Do These 3 Things To Prevent Falls and Improve Your Balance
Falling is scary, but it doesn't have to be an inevitable part of getting older.
The risk of a debilitating fall is greatest in the winter. This is due to increased darkness and changes in the terrain. But you can still get out and enjoy leaf peeping and pumpkin picking without worry. These smart tricks improve your balance and keep you steady on your feet.
Try Yoga Socks
Instead of padding around the house in slippers, try putting on a pair of grippy yoga socks for two hours a day. Traditional slippers limit the foot’s range of motion, preventing its tiny muscles and tendons from moving in ways that build them up and strengthen feet and ankles. Preventing falls requires stability and balance, and it’s hard to balance when your feet and ankles lack range of motion and aren’t sufficiently strong. Fortunately, kicking off restrictive footwear for a little bit each day gives feet a daily “workout” that can help your balance and strengthen your feet.
Trace Your Hand
When your mind is calm, your brain is better able to focus subconscious attention on keeping balanced. A simple way to ease tension: With the lightest touch, use your right index finger to slowly trace the outline of your left hand, beginning from the base of your wrist below your pinkie, then up and over each finger until you reach your thumb. Reverse and repeat 10 times while focusing your mind on the pleasant sensation. This type of mindfulness cuts anxiety by 39 percent, according to Wake Forest Baptist Medical Center scientists, restoring the mind-body connection that keeps you steady on your feet.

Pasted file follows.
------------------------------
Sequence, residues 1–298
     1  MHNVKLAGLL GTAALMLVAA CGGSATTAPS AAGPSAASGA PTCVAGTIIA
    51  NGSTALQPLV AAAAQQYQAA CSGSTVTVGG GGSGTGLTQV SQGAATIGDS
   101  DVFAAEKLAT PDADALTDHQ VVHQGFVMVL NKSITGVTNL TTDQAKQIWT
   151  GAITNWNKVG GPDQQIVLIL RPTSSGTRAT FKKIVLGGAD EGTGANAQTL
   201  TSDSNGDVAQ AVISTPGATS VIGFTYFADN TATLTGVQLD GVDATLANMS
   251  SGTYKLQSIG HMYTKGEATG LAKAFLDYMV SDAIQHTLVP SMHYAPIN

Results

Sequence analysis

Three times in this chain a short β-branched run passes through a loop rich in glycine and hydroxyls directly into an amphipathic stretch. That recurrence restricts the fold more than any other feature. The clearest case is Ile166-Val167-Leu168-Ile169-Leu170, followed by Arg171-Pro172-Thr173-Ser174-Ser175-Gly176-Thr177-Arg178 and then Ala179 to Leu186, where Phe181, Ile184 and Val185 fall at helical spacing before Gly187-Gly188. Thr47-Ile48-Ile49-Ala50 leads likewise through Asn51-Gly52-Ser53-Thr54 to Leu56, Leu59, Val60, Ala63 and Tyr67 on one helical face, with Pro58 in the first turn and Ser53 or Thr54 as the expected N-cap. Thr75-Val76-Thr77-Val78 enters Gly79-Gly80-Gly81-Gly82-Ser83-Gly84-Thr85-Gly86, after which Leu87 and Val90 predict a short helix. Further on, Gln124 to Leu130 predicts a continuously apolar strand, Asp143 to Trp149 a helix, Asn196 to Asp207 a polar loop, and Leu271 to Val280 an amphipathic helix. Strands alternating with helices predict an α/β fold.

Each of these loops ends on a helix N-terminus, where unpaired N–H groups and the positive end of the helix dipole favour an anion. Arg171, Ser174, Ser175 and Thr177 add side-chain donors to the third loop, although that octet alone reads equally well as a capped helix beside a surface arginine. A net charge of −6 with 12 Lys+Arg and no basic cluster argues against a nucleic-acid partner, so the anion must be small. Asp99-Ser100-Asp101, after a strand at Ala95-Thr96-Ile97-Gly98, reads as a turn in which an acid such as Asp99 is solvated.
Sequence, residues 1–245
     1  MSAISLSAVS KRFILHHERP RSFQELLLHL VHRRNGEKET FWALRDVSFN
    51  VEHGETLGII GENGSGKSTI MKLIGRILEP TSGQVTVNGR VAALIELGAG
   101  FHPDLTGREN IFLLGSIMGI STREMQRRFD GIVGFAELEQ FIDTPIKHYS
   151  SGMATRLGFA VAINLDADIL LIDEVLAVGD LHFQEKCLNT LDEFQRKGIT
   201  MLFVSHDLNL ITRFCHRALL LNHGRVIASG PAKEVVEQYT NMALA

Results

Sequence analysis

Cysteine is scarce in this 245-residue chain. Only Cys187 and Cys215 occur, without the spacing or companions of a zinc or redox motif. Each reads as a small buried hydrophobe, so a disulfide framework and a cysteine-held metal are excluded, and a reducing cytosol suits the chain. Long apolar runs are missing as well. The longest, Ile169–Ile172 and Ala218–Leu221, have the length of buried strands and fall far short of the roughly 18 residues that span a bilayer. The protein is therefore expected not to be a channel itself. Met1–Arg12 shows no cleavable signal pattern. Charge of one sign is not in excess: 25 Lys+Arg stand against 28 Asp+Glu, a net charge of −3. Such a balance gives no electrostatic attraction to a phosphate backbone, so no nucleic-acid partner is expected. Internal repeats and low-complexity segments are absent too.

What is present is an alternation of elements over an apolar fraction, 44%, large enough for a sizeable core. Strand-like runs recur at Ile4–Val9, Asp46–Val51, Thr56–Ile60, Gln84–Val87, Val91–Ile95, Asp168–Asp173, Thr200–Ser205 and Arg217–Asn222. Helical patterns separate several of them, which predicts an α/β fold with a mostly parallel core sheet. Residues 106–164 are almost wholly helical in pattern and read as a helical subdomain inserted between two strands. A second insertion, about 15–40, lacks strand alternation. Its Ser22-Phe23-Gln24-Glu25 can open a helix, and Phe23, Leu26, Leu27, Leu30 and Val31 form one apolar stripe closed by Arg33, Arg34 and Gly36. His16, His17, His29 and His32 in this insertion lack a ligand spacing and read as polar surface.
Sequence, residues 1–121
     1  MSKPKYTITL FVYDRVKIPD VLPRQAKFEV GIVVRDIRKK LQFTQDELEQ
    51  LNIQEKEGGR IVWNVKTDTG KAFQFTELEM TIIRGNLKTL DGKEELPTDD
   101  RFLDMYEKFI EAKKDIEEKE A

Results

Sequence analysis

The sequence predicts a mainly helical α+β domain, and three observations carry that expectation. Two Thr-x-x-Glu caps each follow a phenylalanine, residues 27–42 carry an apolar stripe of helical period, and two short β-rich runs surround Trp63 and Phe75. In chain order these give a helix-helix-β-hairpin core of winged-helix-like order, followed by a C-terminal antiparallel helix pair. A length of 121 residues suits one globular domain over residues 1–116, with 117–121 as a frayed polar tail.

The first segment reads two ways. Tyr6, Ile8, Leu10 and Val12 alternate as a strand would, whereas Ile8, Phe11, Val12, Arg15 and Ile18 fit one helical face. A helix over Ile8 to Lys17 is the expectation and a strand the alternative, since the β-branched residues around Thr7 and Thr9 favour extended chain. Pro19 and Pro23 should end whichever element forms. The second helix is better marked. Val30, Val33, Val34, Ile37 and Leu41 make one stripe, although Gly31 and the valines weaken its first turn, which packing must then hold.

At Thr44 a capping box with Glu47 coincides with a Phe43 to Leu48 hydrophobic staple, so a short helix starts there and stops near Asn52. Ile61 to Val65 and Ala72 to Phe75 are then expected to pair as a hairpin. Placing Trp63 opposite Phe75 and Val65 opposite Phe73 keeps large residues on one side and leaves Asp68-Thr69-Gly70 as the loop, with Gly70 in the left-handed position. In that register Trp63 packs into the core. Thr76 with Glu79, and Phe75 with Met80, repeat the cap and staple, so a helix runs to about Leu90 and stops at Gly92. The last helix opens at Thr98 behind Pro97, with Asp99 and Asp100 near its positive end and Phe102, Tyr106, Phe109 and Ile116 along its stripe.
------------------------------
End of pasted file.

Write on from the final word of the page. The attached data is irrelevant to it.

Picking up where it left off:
Pop a Piece of Gum
Chewing xylitol-sweetened gum after eating can make you less likely to have a fall, Japanese research suggests. It removes bacteria along the gum line before it can travel to the brain and disrupt your balance. Make sure to savor the flavor. Homing in on a simple experience for as little as five seconds daily can help to reconnect your mind and body, in turn potentially making a fall less likely.
A version of this article originally appeared in our print magazine, Woman’s World.